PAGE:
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ATTENTION-DEFICIT HYPERACTIVITY DISORDER ADHD & CO-EXISTING DISORDERS

Ernest J. Bordini, Ph.D., Licensed Psychologist
Presented to Chadd of Alachua County 3/21/02                                                      Gainesville - Ocala  Florida

All rights reserved - Clinical Psychology Associates of North Central Florida    CPANCF.COM    352 336-2888

Attention-deficit Hyperactivity Disorder (ADHD) is the single most prevalent psychiatric disorder among elementary school children. ADHD is a childhood disorder previously labeled hyperactivity, hyperkinesis, minimal brain dysfunction, minimal brain damage, minimal or minor cerebral dysfunction.

Prevalence rates from 3% to 5% of school age children.  Males are over representing from 5 to 10 : 1. Depending on criteria uses some researchers estimate as many as 10-20% prevalence rates. Longitudinal studies of children with ADHD into adolescence found continued symptoms in 20% to 80% of probands studied.

CO-EXISTING CONDITIONS

About half of ADHD children have a coexisting oppositional or conduct disorder. These children show temper outbursts, argumentativeness, defiance, and aggressiveness.  A study by Taylor et al suggested the presence of oppositional (ODD) or conduct (CD) problems does not affect the probability of a positive response to stimulants. Children with ADD and CD respond to stimulant therapy just as well as those without a conduct disorder. The same study also showed that measures of family function had no relationship to stimulant response.

A study of 1300 children by Davidson et al., 1992, found no relationship between symptoms of hyperactivity and injury. But the coexistence of conduct disorder seemed to be a major risk factor in ADHD children. However, 16 to 22 year old ADHD individuals when matched with controls have almost four times the number of motor vehicle accidents and four time the rate of traffic citations (1993).  Thus, monitoring teen ADHD driving and modeling safe driving practices are even more important in families who have ADHD children.

Nine to 10% (or more) of ADD children have learning disabilities (Halperin 1984). Up to 30 to 40 % of learning disabled children may also have ADHD (Levine, 1982, Hobrow, 1986). ADHD children in general tend to be behind in reading and arithmetic (Holborow and Berfrry 1986). The frequent co-existence of these disorders suggest that a thorough assessment be completed for these children.

The frequency of speech and language problems is inconsistent across studies, but are more likely to involve expressive rather than receptive language. This might involve dysfluent speech and problems of articulation. This more likely in those children with ADD and LD. A finding of reduced verbal fluency in ADHD children, was reported by Kozill, et. al., 1992.

Steven Henshaw, in a 1992 article in the JCCP, Number 60, 890 - 903 found treatment of behavior problems in ADHD children with learning problems is often not adequate if assistance for academic deficiencies is not provided.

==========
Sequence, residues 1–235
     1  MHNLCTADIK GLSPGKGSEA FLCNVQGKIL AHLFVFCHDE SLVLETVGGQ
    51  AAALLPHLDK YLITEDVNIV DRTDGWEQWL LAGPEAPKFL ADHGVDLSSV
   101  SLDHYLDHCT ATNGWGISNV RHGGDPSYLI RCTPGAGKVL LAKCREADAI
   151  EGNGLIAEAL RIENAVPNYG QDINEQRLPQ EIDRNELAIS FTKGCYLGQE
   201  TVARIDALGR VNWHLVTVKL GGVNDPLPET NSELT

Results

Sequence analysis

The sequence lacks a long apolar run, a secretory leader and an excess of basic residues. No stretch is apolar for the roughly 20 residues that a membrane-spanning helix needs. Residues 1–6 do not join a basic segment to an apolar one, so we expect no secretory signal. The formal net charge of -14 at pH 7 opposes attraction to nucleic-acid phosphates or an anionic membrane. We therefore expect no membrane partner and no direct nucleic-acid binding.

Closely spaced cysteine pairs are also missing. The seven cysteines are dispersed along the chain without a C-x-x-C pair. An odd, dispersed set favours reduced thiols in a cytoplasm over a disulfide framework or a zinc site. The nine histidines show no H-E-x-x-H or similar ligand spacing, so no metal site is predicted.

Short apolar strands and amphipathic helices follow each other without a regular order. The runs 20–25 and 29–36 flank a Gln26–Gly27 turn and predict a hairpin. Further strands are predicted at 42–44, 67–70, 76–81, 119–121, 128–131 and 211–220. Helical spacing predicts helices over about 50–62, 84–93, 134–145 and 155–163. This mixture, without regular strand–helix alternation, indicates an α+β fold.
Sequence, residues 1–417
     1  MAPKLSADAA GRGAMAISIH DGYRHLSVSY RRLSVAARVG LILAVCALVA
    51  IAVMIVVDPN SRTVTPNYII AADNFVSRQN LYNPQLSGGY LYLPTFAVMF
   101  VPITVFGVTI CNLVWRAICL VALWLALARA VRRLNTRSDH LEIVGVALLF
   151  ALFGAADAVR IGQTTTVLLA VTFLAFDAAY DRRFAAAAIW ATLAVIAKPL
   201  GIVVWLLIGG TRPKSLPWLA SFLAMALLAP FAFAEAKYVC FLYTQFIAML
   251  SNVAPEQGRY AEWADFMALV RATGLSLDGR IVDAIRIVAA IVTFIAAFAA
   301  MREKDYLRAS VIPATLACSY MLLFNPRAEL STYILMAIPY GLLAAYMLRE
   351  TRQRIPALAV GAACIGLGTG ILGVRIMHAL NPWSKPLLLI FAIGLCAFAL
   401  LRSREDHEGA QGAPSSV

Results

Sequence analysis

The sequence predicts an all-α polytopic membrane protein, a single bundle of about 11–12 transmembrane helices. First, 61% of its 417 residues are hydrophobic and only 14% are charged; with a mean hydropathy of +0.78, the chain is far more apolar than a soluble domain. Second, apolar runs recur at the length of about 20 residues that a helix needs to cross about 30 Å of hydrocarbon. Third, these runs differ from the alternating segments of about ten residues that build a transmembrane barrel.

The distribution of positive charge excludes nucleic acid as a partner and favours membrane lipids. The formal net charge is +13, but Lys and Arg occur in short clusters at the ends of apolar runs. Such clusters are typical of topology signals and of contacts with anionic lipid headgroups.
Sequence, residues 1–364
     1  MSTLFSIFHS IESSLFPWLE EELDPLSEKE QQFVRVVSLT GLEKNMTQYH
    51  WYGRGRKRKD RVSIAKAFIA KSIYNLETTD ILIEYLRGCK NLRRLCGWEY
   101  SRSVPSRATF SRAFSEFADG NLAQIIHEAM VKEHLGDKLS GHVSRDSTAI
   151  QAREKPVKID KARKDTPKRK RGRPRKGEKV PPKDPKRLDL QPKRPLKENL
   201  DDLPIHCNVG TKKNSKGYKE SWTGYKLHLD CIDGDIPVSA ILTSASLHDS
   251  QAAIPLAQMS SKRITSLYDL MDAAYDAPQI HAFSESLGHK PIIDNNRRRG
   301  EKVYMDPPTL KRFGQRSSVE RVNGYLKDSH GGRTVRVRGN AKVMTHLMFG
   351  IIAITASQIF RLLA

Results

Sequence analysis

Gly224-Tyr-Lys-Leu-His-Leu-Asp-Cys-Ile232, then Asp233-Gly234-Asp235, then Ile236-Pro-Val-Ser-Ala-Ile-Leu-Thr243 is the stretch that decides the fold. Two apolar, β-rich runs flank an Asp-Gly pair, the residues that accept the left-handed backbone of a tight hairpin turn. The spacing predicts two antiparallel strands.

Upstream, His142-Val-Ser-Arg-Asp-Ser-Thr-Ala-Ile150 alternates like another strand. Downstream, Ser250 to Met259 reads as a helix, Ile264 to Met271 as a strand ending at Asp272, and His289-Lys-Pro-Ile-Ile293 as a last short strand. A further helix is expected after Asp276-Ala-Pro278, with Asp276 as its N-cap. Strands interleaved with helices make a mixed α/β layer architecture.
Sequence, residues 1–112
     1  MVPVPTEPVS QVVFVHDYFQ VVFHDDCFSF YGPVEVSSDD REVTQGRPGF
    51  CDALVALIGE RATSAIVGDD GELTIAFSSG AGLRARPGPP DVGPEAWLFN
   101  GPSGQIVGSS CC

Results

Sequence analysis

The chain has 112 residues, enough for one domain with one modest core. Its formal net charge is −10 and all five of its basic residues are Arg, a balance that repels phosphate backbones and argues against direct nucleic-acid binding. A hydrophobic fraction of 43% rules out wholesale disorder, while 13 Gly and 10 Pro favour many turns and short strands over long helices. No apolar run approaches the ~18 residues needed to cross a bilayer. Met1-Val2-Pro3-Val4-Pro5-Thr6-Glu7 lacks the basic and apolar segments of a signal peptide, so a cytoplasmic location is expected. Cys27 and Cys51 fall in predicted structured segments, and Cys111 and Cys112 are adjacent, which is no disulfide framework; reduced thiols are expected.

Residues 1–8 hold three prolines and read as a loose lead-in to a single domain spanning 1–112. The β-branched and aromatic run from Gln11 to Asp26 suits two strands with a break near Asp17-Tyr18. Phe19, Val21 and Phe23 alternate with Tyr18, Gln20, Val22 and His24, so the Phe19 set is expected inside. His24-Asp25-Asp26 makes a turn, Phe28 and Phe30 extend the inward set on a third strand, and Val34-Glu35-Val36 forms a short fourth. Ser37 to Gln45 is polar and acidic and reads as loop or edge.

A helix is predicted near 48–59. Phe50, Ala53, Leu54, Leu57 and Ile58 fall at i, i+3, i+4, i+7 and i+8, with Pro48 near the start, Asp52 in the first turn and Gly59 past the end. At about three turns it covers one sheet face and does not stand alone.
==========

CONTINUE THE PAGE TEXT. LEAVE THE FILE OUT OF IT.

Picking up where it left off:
Social skill problems are not uncommon in ADHD children.  Poor social skills often leads to being teased or rejected by peers and contributes to low self-esteem.  Social skill problems can also be seen in children with nonverbal learning disabilities or Asperger's disorder, but it is important not to mistake the common social skill problems of ADHD children with the more severe disturbance in social awareness and reciprocity seen in Autism Spectrum Disorder.

Encorporesis and Enuresis are not unusual. Enuresis 43% vs 38% of matched normal children. 56% may have sleep difficulties.

ADD children may display nonlocalized "soft" pediatric neurological signs, poor eye hand coordination, and perceptual motor dysfunction. Slightly more than 50% ADD children have motor problems relative to a 35% base rate in normals. They may show motor overflow, motor impersistence, and poor handwriting. Many perform poorly on Pegboard tasks.

Up to 25% of ADHD meet the criteria for anxiety or phobic disorder and 1/3 preadolescent children with anxiety showed 1/3 had ADHD. Higher levels of anxiety and depressive symptoms in children with attention-deficit hyperactivity disorder may predict a nonresponse to stimulant medication. However mild anxiety is not a contraindication to stimulant treatment.

A study published in the Journal of Abnormal Child Psychology, in 1993, followed over a thousand children for fifteen years and found there is no greater than expected association between allergic disorders and ADHD.

The presence and severity of ADHD was evaluated in eighteen families with history of "generalized resistance to thyroid hormone". About 50% of the adults and 70% of the children met the criteria for ADHD. However, few people with ADHD have thyroid disorders. It is suggested if ADHD difficulties are present and there is a family history of thyroid difficulties, further evaluation may be indicated.

Over 50% of Tourette's syndrome individuals have attention deficit disorder but only 5% of ADHD children have Tourette's syndrome. Tourettes children with ADD exhibited significant differences from non ADD children on SSPT, TMT, and DS (Yates, 1994).  Some Tourette's children show patterns of deteriorating neuropsychological test performance with time.

Assessment of possible co-existing conditions is often relevant for treatment planning, accomodations and medication approaches.

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